Expensive flop Illarramendi a symbol of Real Madrid's flawed transfer policy

He will go down as one of the worst signings in the history of Real Madrid. Asier Illarramendi arrived at the Santiago Bernabeu as a supposed long-term replacement for Xabi Alonso and a future star of Spain's midfield. In the end, however, he was neither.

Illarramendi was bought for almost 40 million euros ($45 million) when taxes were applied to his transfer in the summer of 2013. That was a lot of money for a 23-year-old defensive midfielder who many believed was not even the best player in the Real Sociedad squad at the time.

Fresh off helping Spain's Under-21 side to the European Championship crown in Israel in 2013, Illarramendi joined Real but took time to settle in the capital because of homesickness and something of a culture shock after moving from a small town with 5,000 inhabitants (Mutriku) to Spain's largest city.

On the pitch, he struggled to make an impact as well. Limited in terms of technique and barely venturing forward at all, the Basque did not seem to offer much in the way of protection for his defense either and was woeful when Madrid needed him most — the night it lost 2-0 at Borussia Dortmund in the Champions League in 2013-14 and almost saw its Decima dream go up in smoke.


After Illarramendi's poor performance in that match, which saw him taken off at the break, coach Carlo Ancelotti appeared to lose faith. When Alonso left, not only did Illarramendi fail to emerge as Xabi's successor, but he featured even less than before.

In his second season, Illarramendi played 41 games but only 15 as a starter. As he returns to Real Sociedad at a discounted price of €16 million, there is a sense that he never really came out of his shell in Madrid.

At €39 million, the transfer cost Los Blancos €19.5 million per season, €433,333 per game (for 90 in total) and €9,213 per minute (4,233 played). It is far from the return Real had expected on its significant investment — and is also a blow to the club's plans of recruiting the best young Spanish players around.

The two-tier policy of president Florentino Perez is designed to bring in the finest footballers from around the world and complement those with Spanish stars. But for 14 minutes late in the game against Sporting Gijon on Sunday, there was only one Spaniard on the pitch for Madrid: captain Sergio Ramos.

Goalkeeper Iker Casillas left earlier this summer, while David de Gea's proposed move from Manchester United remains in limbo. Jese and Isco, meanwhile, had been substituted and Dani Carvajal came off the bench later.


FULL STORY | Illarra completes Real Sociedad return

Although not really up to standard, Illarramendi is the latest casualty of a chaotic transfer policy. Lucas Silva was brought in last season but now is seemingly surplus to requirements, as he is close to a move on loan to Marseille. Inter's Mateo Kovacic signed recently and is likely to be used in an unfamiliar defensive midfield role.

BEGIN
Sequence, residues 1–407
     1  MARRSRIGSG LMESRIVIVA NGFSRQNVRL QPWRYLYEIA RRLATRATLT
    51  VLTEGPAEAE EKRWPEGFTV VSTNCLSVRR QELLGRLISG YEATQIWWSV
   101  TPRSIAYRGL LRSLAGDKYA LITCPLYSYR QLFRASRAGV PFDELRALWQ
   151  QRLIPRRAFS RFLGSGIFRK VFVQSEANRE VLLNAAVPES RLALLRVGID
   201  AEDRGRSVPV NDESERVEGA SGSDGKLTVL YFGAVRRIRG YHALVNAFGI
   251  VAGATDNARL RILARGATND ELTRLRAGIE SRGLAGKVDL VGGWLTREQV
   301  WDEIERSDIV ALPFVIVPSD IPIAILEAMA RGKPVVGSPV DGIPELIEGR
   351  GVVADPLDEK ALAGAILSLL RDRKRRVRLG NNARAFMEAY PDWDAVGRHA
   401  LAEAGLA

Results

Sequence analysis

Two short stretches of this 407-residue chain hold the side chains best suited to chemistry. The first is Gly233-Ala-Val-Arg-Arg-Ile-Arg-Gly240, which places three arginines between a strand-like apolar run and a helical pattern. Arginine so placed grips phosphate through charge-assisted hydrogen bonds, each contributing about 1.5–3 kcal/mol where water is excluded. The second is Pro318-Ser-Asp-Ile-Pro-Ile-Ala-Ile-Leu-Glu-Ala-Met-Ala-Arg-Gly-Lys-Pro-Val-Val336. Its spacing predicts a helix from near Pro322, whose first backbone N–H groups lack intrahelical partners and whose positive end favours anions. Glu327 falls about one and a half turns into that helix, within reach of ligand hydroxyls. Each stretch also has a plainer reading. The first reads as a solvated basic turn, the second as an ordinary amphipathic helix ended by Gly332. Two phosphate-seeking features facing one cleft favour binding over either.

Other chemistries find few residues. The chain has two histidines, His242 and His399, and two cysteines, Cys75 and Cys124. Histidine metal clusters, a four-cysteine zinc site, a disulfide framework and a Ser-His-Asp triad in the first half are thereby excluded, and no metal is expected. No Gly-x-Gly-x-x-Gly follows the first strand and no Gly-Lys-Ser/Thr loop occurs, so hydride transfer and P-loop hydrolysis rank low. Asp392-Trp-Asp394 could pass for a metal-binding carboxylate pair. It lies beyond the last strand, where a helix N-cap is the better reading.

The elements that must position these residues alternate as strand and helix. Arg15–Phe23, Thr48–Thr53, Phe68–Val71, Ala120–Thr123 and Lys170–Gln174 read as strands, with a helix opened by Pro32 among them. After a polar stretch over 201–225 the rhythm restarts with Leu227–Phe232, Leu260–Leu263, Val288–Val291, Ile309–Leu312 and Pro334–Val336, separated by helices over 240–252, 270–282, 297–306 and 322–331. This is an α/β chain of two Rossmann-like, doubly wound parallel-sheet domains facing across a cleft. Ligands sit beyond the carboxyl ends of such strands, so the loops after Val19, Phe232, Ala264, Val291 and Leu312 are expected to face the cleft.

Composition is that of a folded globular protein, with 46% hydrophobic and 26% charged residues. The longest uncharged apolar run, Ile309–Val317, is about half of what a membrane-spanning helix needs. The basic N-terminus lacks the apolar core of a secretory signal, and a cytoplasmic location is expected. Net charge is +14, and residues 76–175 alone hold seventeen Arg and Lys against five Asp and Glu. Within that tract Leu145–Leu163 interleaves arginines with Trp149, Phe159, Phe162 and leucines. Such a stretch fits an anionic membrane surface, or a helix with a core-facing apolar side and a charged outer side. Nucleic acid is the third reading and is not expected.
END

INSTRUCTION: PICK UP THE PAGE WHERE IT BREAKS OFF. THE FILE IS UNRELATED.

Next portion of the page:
"I was told that I was in the club's plans," Illarramendi said Wednesday. "Then they signed another player."

Nevertheless, it was probably the right time to let the player leave. Never really good enough and certainly not worth anywhere near the enormous outlay, the 25-year-old departs on the same day as another overpriced player, left back Fabio Coentrao, who moves on loan to Monaco.

Coentrao has been a useful player these past few seasons, but never lived up his hefty price tag after he was brought in by Jose Mourinho in a €30 million deal from Benfica in 2011, making him the world's most expensive fullback.



With constant coaching changes in recent seasons and a president who wants a big-name forward to arrive each summer, Madrid's policy in the transfer market is still something of a scattergun approach. Whereas Barcelona strengthened key positions last season and went on to win the treble, Real still seems to be placing square pegs in round holes, with players like Isco, James Rodriguez, Gareth Bale, Jese, Toni Kroos and now Kovacic all playing out of position or operating in less-familiar roles.

While Illarramendi wasn't good enough in his two-year spell at the Bernabeu, his growth was also stunted by the club's stockpiling of midfielders in recent seasons, which means there is no place in the starting lineup at times for players like Rodriguez or Isco.

As he returned to Anoeta after two years away, Illarramendi was welcomed by fans and former teammates alike. "We do love you here," defender Inigo Martinez wrote on Twitter, seemingly implying that was not the case at Madrid.

Given time to find his feet and confidence with a starting spot, Illarra will now probably produce his best football again in the Basque Country. Madrid, meanwhile, will reflect on a €23 million loss on a player the club should never really have bought in the first place. But Los Blancos would also be advised to ponder their many mistakes made in the transfer market over the past few years.

Time for a rethink, perhaps.